Mashable tells us that the check-in company now wants us to use our checking accounts with them (thanks Mallory Wood, for the heads up). Well more like a credit card. The system would use personal QR codes linked to a credit card to let you pay for items with retailers. SCVNGR says it would have a more immediate impact than services like Google Wallet which are “five-year plays.”
I am curious to see if these kinds of services gain any traction at colleges and universities. I have a feeling that the right one would draw a lot of interest from students who would be happy to not have to carry an ID around with them to use for dining hall meals and such. SCVNGR has good relationships with colleges already. The current test will be with 500 merchants in big cities. I wonder if a campus test run is planned somewhere and what kinds of results it would get.
I attended RIT’s Social Media and Communications Symposium Thursday. It was great to put some faces to Twitter handles and make some new connections. However the content was rather hit and miss. I know organizers were trying to appeal to a broad audience, but much of the content seemed to fall into the “Social Media 101” realm. Not that that’s a bad thing, but it did cause some fuss on the Twitter feed and at time left me thinking I should have been in another session. Some thoughts on the good and the bad from Thursday.
Say no to Gloria Gaynor. Morning Keynote Speaker Pam Moore for some reason felt it necessary to play “I Will Survive” to the whole assembly at roughly 9 a.m. There are a a couple of problems with this. 1) Playing a 30-something year old disco song may not be the best way to convince a crowd of tech-inclined people that you’re going to tell them something cutting edge and helpful. 2) There needs to be a moratorium on playing that song anywhere, for any purpose much like NPR Music has suggested should be enforced for covers of “Hallelujah.” Preferrably accompanied by a large fine. “I Will Survive” ceased to be fun, or have any real meaning, about 15 years ago. I’d like to have heard more from Moore in the way of case studies— more demonstrations of just how the methods she was espousing worked for her clients.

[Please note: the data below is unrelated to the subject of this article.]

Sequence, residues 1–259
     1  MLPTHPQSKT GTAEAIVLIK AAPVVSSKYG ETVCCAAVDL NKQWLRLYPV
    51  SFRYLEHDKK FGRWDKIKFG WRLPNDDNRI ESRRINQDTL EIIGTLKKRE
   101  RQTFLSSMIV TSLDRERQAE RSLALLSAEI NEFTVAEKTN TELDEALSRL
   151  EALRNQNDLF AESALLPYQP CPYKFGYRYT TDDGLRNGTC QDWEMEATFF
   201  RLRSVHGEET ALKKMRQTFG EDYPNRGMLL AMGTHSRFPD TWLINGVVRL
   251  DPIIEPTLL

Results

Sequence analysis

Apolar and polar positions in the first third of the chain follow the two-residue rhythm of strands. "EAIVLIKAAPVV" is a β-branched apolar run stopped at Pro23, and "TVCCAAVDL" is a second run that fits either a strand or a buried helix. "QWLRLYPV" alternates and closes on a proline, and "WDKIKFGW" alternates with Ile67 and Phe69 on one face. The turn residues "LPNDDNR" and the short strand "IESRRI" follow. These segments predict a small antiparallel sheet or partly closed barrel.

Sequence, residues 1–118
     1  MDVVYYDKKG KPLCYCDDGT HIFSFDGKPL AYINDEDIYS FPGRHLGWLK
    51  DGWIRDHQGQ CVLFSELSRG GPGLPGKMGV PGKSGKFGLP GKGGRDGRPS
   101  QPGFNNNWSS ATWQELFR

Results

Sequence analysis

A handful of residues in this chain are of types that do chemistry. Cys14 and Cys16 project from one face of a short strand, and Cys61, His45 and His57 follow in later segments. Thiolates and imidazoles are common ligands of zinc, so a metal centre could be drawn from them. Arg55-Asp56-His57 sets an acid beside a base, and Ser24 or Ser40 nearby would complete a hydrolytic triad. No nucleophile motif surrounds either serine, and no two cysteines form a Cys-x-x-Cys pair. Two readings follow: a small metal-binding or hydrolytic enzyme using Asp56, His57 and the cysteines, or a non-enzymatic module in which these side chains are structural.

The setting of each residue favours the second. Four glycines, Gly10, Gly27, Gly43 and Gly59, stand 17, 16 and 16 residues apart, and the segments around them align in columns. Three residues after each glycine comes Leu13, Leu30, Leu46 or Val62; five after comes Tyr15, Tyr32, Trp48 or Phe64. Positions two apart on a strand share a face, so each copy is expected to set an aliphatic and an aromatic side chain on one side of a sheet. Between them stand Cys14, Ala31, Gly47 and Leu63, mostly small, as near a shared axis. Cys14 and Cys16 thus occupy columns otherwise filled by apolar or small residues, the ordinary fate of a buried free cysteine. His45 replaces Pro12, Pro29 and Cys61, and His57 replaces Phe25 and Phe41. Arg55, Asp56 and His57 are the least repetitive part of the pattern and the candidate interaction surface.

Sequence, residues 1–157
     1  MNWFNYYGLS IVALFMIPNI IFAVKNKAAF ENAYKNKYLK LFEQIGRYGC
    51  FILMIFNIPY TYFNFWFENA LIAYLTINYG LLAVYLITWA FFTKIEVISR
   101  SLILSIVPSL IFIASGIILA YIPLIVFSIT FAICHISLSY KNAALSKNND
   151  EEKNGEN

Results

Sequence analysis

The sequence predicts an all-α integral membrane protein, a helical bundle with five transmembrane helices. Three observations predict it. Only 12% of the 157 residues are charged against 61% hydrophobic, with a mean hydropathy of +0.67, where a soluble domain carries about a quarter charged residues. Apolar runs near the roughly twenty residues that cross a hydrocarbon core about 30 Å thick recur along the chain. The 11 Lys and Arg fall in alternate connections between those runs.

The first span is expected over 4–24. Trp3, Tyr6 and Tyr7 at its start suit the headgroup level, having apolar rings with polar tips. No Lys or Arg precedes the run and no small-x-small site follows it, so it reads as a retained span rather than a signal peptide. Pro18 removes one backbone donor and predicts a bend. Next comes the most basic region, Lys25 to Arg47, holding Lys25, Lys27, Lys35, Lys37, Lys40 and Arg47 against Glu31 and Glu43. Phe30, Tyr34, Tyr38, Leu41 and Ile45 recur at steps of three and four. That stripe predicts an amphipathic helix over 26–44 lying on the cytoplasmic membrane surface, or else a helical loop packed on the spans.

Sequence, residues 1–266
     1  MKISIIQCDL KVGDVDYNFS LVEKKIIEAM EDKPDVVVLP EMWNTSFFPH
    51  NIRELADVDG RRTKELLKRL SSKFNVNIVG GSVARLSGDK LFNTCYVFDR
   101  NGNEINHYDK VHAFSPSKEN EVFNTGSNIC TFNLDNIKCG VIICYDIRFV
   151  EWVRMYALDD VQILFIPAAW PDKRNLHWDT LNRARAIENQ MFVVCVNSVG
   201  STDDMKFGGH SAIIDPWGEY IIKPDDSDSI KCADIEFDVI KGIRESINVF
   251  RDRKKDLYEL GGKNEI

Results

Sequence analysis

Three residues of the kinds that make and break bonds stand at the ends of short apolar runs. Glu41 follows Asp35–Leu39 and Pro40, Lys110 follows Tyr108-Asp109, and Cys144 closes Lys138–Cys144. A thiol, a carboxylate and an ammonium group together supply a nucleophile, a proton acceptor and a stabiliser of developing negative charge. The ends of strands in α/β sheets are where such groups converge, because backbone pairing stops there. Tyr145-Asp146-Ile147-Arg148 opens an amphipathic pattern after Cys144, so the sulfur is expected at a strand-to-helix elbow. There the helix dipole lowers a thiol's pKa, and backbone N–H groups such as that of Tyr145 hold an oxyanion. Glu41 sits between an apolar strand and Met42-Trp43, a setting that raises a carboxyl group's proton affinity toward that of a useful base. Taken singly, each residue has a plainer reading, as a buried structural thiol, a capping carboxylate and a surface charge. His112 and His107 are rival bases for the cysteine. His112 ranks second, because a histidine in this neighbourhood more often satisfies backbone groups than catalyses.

Never Underestimate the Value of a Tweet: Rachel Clapp of Wake Forest had an interesting comparison of the tweeting habits of Southwest Airlines and US Air. She did her masters thesis on the study. But she had a great turn of phrase “A Twitter response can act as a press release for positive customer service.” Meaning all it takes is one good (or bad) experience via Twitter for news of your good (or bad) customer service to spread like wild fire.
Clay Shirky rocks. Shirky’s talk offered some probing insights, some humor and some stuff that left you thinking. From moustaches to medicine I enjoyed his take on the ways we organize information on the web and how our “cognitive surplus” as he calls it, impacts our activities on the way. As he notes, the intersection of the serious and the silly on the web should not be discounted. In fact it often strengthens the quality of information we find on the web from communities and encourages more creativity.
Tech Problems at RIT: The wifi was a pain. Some presenters alluded to not being able to get the information they wanted to present up on their screens. There are some kinks to be worked out for next year.
A comeback for content: Maggie Fox, the last speaker of the day, told us the age of privacy is over and we should just get used it to it. Advertisers may be creepy some times, but they’re not out to do us harm. She also suggested that the avalanche of information on the Web will lead to a comeback for media companies, because consumers will be desparate for some one to filter and analyze that content for them, in order to tell them what’s important and why. Which is a nice thought. The problem is, when their advertising went kaboom all those media companies laid off vast swaths of their experts— the writers, producers and reporters who made their products so valuable in the first place. Will readers come back to products that are in many cases pale shells of what they once were? Will advertisers pay for those products? We’ll have to see.